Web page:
However, as technology evolved, the courts began to rule that the SBA only protected league contracts with “over the air” or network television stations and that the exemption did not apply to cable TV networks like ESPN or satellite providers such as DirecTV. Thus, the NFL is no longer immune from being sued for antitrust violations as a result of its joint contracts with providers like DirecTV or Google/YouTube.

It remains to be seen how successful this argument will be. It’s hard to say whether individual teams would still try to sell their local broadcast rights in addition to the joint league contract because it would dilute the value of the league-wide broadcast contracts, which is what keeps franchise values high and owners happy.

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The Broadcasting Monopoly

The second argument is an interesting one, asserting that the NFL has a monopoly over broadcasting professional football

This becomes more complicated in light of the emergence (or reemergence) of fledgling professional football leagues like the XFL and USFL. The critical task for the plaintiffs’ lawyers will be properly defining the relevant market because the NFL certainly has the market share in terms of attention, but is no longer the “only game in town.” Of course they have a monopoly over the broadcasting rights for NFL teams in New York or Los Angeles, but that’s arguably a different market altogether.

However, what is undeniable is the impact on consumers because of the “take it or leave it” format of Sunday Ticket. It forces individuals to buy every game for $293.94 and sometimes upwards of $100,000 for commercial customers like bars. The lack of a middle ground might be a sticking point in a potential settlement, as one could see the NFL requiring Google/YouTube to allow customers to purchase games “a la carte” instead of the bundle.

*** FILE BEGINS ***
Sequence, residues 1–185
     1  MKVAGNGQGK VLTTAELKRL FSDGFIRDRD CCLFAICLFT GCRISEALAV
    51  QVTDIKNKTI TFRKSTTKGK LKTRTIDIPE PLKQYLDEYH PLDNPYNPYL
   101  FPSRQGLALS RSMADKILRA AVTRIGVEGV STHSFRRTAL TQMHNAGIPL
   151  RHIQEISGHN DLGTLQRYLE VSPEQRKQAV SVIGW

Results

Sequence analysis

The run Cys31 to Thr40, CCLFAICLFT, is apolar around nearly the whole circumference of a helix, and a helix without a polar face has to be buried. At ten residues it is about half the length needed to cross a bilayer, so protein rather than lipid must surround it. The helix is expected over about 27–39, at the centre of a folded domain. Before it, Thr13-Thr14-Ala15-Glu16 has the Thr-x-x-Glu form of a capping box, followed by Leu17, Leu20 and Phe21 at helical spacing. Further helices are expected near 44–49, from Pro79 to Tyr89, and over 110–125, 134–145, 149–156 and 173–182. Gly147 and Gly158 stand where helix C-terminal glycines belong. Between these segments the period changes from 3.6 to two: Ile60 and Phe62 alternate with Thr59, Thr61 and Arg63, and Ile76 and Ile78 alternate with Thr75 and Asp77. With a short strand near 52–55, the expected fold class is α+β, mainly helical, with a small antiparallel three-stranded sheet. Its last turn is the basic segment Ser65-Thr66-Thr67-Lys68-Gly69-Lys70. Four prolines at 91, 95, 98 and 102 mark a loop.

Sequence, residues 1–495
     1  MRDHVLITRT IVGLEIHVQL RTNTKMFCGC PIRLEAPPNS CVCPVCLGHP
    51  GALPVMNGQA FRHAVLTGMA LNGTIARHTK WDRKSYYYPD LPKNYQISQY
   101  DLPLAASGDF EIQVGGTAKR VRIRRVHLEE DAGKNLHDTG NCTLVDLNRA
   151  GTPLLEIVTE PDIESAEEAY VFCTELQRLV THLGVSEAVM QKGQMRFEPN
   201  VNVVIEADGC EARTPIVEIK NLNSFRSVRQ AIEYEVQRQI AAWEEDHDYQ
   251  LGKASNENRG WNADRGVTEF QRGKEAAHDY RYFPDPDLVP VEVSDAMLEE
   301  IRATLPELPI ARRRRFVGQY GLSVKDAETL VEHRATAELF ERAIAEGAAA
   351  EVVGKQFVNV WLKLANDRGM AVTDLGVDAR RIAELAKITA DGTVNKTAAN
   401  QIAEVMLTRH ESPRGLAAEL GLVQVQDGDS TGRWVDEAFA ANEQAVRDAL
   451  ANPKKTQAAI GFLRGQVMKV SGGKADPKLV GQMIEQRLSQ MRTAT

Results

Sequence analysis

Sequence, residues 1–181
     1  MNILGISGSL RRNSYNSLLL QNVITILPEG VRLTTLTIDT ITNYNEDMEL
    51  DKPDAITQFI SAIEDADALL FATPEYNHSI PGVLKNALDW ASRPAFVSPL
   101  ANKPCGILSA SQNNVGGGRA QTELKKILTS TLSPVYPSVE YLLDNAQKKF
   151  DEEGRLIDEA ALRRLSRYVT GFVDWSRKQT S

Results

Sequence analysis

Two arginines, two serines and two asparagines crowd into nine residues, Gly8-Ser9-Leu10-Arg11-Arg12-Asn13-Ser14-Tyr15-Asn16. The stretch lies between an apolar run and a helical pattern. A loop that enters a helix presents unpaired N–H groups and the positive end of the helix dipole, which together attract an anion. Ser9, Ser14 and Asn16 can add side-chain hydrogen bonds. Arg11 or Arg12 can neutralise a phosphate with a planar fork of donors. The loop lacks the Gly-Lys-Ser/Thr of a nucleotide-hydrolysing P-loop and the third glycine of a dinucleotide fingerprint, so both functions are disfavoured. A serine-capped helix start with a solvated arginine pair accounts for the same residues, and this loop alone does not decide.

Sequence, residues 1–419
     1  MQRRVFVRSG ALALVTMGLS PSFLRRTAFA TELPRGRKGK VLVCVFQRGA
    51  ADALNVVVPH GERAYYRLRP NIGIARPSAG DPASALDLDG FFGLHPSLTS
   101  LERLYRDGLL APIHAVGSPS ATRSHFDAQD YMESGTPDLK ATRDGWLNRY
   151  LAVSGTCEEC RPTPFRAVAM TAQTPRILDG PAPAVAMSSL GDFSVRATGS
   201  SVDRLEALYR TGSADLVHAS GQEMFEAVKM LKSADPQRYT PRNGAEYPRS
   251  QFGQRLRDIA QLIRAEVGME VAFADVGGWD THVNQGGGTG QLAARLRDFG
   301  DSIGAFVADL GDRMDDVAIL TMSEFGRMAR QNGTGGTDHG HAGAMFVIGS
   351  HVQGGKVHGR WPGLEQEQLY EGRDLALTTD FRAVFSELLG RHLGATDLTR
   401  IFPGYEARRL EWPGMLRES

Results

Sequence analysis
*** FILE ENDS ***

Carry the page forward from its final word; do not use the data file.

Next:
The Path Forward

The reason why any of this is considered “news” is because the judge has certified two classes of plaintiffs for the case. That means there are now two distinct groups of potential plaintiffs: residential Sunday Ticket customers and commercial Sunday Ticket customers — and you don’t have to be lawyer to figure out that the more people who were harmed, the bigger the recovery is likely to be. Class actions allow a few named plaintiffs to represent a class of individuals who effectively have the same claim(s) against common defendant(s), which is more efficient than having thousands of separate lawsuits clogging up the system over the same issue.

In practical terms, the class certification means that things are getting real, so much so that you might expect to see some movement ahead of the rollout of YouTube’s version of Sunday Ticket. It might even result in the ability to unbundle your NFL games soon — though I wouldn’t hold my breath.

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About The Author
Daniel Marcus
Daniel Marcus
Daniel Marcus is a Columnist for Boardroom. When he's not entertaining the masses with his literary stylings, he is a lawyer who runs his own practice where he represents prominent clients in sports, tech, entertainment, and crypto. Daniel is also a well-traveled entrepreneur who has a started a number of companies in sports including a ticketing company as well as a production company called Relentless - (he is the one to credit or to blame for developing and selling Pete Rose's gambling podcast). In another life, Daniel teaches a number of classes including Sports Law and the Business of Esports in his alma program at New York University. He is a beleaguered Jets fan who hopes to (once again) see a home playoff game in his lifetime.